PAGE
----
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I have wondered why people in the media seem so willing to report the government’s line. What leverage does the government have over them? Several possibilities come to mind:

  • Reporters are overworked and underpaid, they work under deadline, and they like to tip back a beer now and then. The easy way out of these binds is to work with the information that’s lying around.
  • The standard leftist view is that newspapers are owned by big corporations, big corporations are interested in big profits, and if you want to make a profit in this world, you need a friendly relationship with the government.
  • Reporters obtain a lot of what seems like inside information from their sources in government. They don’t want their flow of information to dry up if they publish stories critical of the institutions and sources that sustain them.
  • Reporters, like people in their audience, often act from a sense of patriotism. Therefore they don’t criticize their country in public, especially during wartime.
  • Reporters might have a relationship with the Central Intelligence Agency or other propaganda arm that obligates them to frame their reports on U. S. government activities in a certain way.

The last possibility interests me. If it is true, that key media outlets or individuals are in the government’s pocket, it should not be hard to find evidence of that. The problem is, the outlets in the best position to find and publicize that evidence would never do it. Moreover, alternative media outlets most likely to report such evidence, if it exists, are not in a great position to find it.

The precedent for thinking along these lines is Operation Mockingbird in the 1950s and 1960s. When you learn the Washington Post and managing editor Ben Bradlee had a relationship with the CIA, you think, “That’s it. I’m not going to swallow propaganda, or anything else from these people.” Operation Mockingbird was an effort to keep the United States press on the government’s side during the Cold War. Interestingly, not one news outlet, columnist or reporter has ever admitted to working with the CIA, or apologized for it. Not one news organization has indicated that such a corrupt relationship has ended.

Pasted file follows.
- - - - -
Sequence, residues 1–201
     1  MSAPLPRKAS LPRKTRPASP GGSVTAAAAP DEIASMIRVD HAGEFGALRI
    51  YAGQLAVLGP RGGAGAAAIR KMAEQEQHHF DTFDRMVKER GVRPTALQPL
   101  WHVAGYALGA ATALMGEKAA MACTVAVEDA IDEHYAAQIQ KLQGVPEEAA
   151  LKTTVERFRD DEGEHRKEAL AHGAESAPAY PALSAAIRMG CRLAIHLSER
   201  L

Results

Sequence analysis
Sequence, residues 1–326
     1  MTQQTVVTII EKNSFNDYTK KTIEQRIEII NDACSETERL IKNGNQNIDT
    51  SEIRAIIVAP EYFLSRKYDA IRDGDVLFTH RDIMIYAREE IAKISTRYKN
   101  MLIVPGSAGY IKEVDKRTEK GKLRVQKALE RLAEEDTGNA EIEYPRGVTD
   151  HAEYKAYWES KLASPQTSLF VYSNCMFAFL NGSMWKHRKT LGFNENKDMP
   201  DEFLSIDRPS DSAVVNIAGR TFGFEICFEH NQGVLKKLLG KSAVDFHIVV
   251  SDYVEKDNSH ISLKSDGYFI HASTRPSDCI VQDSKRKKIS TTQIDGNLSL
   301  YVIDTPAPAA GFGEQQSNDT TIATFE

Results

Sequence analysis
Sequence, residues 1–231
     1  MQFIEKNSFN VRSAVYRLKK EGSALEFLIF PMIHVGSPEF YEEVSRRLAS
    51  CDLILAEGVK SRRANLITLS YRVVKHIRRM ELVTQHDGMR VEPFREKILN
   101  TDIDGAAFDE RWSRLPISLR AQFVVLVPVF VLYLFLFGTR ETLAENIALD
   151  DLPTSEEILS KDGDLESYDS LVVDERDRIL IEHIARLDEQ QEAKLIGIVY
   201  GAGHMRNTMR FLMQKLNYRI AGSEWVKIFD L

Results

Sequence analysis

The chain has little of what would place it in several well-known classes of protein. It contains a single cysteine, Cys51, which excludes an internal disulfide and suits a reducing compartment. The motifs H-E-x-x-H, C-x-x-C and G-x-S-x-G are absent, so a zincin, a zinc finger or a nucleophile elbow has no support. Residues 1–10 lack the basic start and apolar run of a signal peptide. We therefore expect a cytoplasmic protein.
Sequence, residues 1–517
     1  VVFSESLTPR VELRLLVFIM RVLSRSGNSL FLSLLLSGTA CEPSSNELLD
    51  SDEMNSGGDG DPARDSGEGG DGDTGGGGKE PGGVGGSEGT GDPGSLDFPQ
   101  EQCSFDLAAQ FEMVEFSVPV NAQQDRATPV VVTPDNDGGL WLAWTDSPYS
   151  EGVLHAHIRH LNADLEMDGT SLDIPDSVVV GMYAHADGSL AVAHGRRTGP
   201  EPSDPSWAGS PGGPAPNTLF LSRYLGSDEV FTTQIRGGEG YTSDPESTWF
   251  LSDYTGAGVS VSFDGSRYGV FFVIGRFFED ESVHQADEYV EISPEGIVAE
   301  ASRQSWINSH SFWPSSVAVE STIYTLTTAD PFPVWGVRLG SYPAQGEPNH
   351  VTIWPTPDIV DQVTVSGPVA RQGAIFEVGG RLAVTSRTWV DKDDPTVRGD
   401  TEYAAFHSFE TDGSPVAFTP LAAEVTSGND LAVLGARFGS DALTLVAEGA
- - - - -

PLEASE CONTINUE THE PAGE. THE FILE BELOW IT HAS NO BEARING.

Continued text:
We know propaganda exists, but we don’t generally know where it originates. The CIA doesn’t want you to know where it originates, either. As citizens who are interested in our government’s activities, we do want to have tools and evidence to make judgments about how our news forms. Right now, we can only make judgments about the content in front of us. If the people who bring us that content have a relationship with government that we should know about, let the truth come out.

To select a recent example of compliance in the media, consider the way the New York Times has reported on Bradley Manning. Wikileaks data furnished the Times with a deep well of information on U. S. activities abroad. The Times collaborated with Wikileaks, used its information freely, and improved its reporting as a consequence. Then the government came down on Wikileaks, shut off its funding, and tried to maneuver Julian Assange into a courtroom. Meanwhile, the Times’ reports on Bradley Manning became markedly unsympathetic. After that, the Times ignored Manning’s case altogether.

What leverage could the government have used with the Times to induce such a noticeable and public betrayal? Does anyone doubt that if the government had not locked Manning away in solitary confinement – had not humiliated him and treated him as a dangerous traitor – that the Times would have treated him as anything but an honorable and even heroic revealer of truth in the middle of a horrific war founded on lies? The only reason government can act this way is that Manning has found no defenders at the Times, or at any other news organization for that matter.

If you want to read more about how too many journalists have behaved during the last decade and more of crisis and calamity, follow journalist Glenn Greenwald at The Guardian. His criticism of his colleagues is courageous and true. He does not forgive them their compliance or their sins, and he is equally hard on their government handlers. Because the relationship between press and power has become so close, so corrupt and so mutually dependent, we have to find truthful reporting somewhere else. We won’t find independent, accurate information where dishonesty has taken root.